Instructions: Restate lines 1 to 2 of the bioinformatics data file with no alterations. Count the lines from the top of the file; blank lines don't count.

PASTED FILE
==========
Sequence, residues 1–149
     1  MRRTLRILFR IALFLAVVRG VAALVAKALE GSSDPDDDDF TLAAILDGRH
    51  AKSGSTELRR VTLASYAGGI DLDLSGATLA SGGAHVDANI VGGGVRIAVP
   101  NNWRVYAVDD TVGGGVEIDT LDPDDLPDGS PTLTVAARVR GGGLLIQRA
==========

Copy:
Sequence, residues 1–149
     1  MRRTLRILFR IALFLAVVRG VAALVAKALE GSSDPDDDDF TLAAILDGRH